In our body, the proteins that are synthesized fold to their native structure at physiological temperature. Heating a protein breaks interaction between the amino acid residues and extreme temperature causes a protein to unfold and be denatured. What if during protein folding the system is heated? How will it affect the folding process? Will this strategy provide better conformational search during folding that will eventually lead to the native structure of the protein?

Figure 2. Line representation (top) and cartoon representation (bottom) extended structure of the peptide Trp-cage from the sequence of PDB ID 1RIJ.


Calculating Free Energy Change by Displacing Water Molecules

posted Jan 6, 2020, 12:10 PM by Joe Z Wu   [ updated Jan 6, 2020, 1:55 PM ]

While it is most common to consider direct ligand-protein interactions, recent research tries to consider also the solvation effect of water displacement in the binding region. Our protein of choice for this project is the bromodomain of “Pleckstrin homology domain interacting protein” (PHIP)3, a small protein module that recognizes acetylated lysines on histones and serves as an important role in the study of regulation of gene expression.We have chosen to study the mediation effects of the specific W1 water molecule located within the bromodomain binding region. By displacing this W1 water molecule from neat water and the bromodomain active site with a bubble potential, we were able to calculate the free energy penalty, and as such, understand the amount of net work necessary to introduce a ligand into the site. The resulting free energy change of displacing W1 in neat water was 1.3 kcal mol-1, while for the bromodomain binding pocket, this value was 0.384 kcal mol-1To understand more extensively the energetic effects of water molecules on pocket stability and ligand binding affinity, further studies using additional water molecules can be considered.

Figure 1. Spherical bubble (translucent) in bromodomain binding pocket surrounded by water.

Maximum Likelihood Inference of the Symmetric Double-Well Potential

posted Nov 10, 2019, 4:19 PM by Solmaz Azimi

The double-well potential serves as an optimal, one-dimensional model for exploring physical phenomena. This project aimed to estimate the probability distribution of the double-well potential fitted to a Gaussian mixture model by maximum likelihood inference. Hypothetical datasets of the quadratic function were generated using smart-darting Monte-Carlo simulations under the Metropolis acceptance criterion. A major challenge in studying free energy landscapes is sampling efficiency, therefore a larger displacement was implemented in the Monte-Carlo simulations that are generally done at smaller displacements. Although a conventional Monte-Carlo approach can accomplish displacement from one free energy minimum to the next, this is done at the expense of accuracy, such that the acceptance rate of the simulation deviates from an optimal 50%. The generated datasets demonstrated close resemblance to normalized Boltzmann Distribution functions at two temperatures. TensorFlow was utilized to obtain the most optimal parameters for observing the generated datasets based on the Gaussian Mixture Model. Our results demonstrated that TensorFlow approximates a set of optimal parameters for the Gaussian Mixture Model that accurately resemble the Boltzmann Distribution at 300 K, however the method is unable to do so with similar accuracy at 2000 K.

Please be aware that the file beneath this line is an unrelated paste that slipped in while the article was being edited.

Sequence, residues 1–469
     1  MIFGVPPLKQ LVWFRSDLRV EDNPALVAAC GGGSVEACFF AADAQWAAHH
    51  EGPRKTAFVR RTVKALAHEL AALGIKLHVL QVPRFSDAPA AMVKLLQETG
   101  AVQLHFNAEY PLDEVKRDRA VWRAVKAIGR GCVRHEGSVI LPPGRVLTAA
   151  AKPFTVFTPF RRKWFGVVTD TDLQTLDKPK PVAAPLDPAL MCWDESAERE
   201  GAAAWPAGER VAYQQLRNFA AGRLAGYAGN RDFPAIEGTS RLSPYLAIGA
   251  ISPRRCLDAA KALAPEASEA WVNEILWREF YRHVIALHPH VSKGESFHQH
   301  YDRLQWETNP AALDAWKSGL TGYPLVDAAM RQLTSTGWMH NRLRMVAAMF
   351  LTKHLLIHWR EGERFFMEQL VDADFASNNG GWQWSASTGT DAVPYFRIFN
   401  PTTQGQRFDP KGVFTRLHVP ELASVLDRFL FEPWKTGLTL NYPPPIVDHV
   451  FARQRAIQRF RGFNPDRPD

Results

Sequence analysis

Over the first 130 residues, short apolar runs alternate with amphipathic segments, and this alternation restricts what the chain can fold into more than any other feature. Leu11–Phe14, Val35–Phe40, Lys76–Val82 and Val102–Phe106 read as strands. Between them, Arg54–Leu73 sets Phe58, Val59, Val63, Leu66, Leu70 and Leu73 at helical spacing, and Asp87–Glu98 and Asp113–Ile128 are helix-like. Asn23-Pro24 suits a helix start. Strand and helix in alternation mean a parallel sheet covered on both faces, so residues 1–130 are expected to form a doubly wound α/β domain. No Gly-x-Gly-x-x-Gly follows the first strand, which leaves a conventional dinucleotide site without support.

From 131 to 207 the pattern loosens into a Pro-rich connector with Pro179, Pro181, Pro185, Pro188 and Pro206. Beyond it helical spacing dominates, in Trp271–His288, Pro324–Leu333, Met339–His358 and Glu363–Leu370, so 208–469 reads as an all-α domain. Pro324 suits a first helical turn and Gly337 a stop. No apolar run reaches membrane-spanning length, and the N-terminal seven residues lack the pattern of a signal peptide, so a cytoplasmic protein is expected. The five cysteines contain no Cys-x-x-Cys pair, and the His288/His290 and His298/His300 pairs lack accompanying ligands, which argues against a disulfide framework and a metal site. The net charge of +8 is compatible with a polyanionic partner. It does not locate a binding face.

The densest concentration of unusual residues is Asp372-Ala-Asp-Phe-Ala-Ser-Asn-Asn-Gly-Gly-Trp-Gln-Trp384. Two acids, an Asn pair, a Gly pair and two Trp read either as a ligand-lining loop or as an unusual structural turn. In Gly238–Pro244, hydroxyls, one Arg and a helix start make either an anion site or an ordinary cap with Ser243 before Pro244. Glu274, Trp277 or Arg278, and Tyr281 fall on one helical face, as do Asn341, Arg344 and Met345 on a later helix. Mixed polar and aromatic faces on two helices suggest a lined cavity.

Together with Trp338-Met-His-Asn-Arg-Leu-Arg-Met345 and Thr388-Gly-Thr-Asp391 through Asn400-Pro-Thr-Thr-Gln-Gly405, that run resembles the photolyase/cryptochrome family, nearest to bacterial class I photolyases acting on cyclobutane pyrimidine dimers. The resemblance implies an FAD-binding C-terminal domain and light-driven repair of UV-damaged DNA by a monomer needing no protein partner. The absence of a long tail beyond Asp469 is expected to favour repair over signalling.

The Standard State in Binding Free Energy Calculations

posted Jul 30, 2019, 4:10 PM by Emilio Gallicchio   [ updated Jul 30, 2019, 7:01 PM ]

Phys. Chem. Intro

Q: What is the standard free energy of binding?

It is the free energy of binding between a ligand and a receptor when they are in an ideal solution at the standard concentration (C=1 M). The standard free energy of binding is usually denoted by ΔGb

Q: how is ΔGmeasured in practice?